Af­ter view­ing

French Property News - - Expert Advice -

If you haven’t found a prop­erty you want to buy, make sure you give clear and hon­est feed­back to your agent(s), in or­der for them to en­sure any fur­ther prop­er­ties they show you will be suit­able.

If, on the other hand, you want to make an of­fer, it’s best to wait un­til af­ter the view­ing. Seek the agent’s ad­vice on whether the ven­dor will be open to ne­go­ti­a­tion, and if so, by how much. Al­though the agent is man­dated by the seller, they should be able to ad­vise you pro­fes­sion­ally. Check too if there have been any pre­vi­ous of­fers (ac­cepted or re­fused).

When de­cid­ing on the price you will of­fer, take into ac­count whether any work is needed to the prop­erty, how much it will cost and whether the ask­ing price re­flects this. Don’t for­get to include buy­ing costs too (agent’s and no­taire’s fees and taxes).

Tech­ni­cally, once an of­fer has been ac­cepted, the sale is bind­ing, but in prac­tice it is the ini­tial sales con­tract, usu­ally called the com­pro­mis de vente that is legally bind­ing. The buyer has a 10-day cool­ing-off pe­riod dur­ing which they can pull out for any rea­son. You may be asked to sign an of­fre d’achat be­fore the of­fi­cial con­tract; this just shows a com­mit­ment to buy the prop­erty.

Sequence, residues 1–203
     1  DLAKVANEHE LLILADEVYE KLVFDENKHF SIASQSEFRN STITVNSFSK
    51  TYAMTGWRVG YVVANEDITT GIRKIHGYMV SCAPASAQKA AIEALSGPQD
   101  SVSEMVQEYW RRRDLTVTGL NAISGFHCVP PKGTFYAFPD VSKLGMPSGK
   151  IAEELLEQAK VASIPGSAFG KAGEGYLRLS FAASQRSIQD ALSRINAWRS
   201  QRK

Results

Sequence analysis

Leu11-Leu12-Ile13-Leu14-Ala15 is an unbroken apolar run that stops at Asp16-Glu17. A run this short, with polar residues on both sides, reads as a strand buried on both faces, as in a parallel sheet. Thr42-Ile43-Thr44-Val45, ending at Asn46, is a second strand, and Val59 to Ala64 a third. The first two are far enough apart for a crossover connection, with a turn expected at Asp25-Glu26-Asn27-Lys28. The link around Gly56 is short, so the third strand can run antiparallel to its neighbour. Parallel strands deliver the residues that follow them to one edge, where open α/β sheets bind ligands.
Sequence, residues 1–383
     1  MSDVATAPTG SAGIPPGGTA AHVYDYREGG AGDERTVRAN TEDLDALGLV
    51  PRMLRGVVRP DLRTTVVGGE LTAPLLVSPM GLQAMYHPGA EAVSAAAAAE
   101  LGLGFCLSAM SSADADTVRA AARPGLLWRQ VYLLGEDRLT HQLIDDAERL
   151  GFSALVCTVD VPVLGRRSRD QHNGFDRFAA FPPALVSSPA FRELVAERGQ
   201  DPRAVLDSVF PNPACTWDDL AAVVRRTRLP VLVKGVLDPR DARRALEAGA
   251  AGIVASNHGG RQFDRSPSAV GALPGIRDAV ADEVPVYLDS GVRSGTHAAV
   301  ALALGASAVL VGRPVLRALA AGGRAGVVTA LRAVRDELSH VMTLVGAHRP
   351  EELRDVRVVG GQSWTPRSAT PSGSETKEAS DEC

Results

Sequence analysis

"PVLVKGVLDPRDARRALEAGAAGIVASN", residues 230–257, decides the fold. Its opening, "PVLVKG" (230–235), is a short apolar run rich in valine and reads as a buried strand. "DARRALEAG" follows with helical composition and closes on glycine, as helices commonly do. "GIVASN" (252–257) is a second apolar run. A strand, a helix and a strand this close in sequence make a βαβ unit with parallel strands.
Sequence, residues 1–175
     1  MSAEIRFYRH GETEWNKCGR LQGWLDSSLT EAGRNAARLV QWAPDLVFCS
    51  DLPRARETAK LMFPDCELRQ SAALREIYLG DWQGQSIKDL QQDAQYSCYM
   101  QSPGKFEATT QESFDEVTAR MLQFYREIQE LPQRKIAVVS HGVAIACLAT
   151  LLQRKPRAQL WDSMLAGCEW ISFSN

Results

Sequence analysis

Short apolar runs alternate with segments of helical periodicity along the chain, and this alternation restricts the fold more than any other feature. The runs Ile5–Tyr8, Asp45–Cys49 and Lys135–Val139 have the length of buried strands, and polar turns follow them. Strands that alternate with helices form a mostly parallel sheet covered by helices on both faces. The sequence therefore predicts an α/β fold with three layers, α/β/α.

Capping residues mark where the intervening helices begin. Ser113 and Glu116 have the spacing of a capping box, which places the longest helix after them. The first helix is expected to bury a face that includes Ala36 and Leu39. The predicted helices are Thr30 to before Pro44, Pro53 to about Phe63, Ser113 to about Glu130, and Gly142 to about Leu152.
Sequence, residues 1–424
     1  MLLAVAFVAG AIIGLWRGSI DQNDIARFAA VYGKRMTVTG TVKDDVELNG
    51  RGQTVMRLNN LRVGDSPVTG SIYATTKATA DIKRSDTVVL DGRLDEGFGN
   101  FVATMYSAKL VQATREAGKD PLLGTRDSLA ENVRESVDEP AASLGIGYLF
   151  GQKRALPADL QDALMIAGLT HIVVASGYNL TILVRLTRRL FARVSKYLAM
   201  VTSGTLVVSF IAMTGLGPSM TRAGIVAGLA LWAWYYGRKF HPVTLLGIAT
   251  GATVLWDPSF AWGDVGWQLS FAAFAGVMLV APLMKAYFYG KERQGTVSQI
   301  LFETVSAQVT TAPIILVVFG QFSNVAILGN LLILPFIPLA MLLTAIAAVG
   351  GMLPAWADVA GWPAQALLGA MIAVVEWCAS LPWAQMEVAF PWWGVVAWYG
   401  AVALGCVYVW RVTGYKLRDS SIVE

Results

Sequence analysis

The com­pro­mis can include con­di­tional clauses, such as whether plan­ning per­mis­sion or fi­nance is needed to go ahead with the pur­chase.

Don’t be pres­sured into sign­ing the sales con­tract for a prop­erty un­less you’re sure it’s ‘the one’. If you are sure though, don’t dither about mak­ing an of­fer – you wouldn’t want to lose out to an­other buyer.

Once the 10-day cool­ing-off pe­riod has passed, the no­taire will com­mence the con­veyanc­ing process, with com­ple­tion ( acte de vente) usu­ally tak­ing place around three or four months later.

The ven­dor is obliged to pro­vide a se­ries of di­ag­nos­tic re­ports, cov­er­ing the pres­ence of as­bestos, lead and ter­mites as well as en­ergy ef­fi­ciency, nat­u­ral or in­dus­trial risks, gas in­stal­la­tions, elec­tri­cal wiring and sep­tic tanks. Don’t con­fuse these with a build­ing sur­vey; they are not the same.

Should you wish to or­gan­ise a sur­vey or get a builder in to quote on ren­o­va­tion costs, it’s ad­vis­able to get this done within the cool­ing-off pe­riod if pos­si­ble. If not, you may be able to include a suc­cess­ful sur­vey as one of the con­di­tional clauses.

Your no­taire and agent should keep in touch with you through­out the whole process, and be­fore you know it you’ll be celebrating with your favourite French tip­ple and the keys to your new home.

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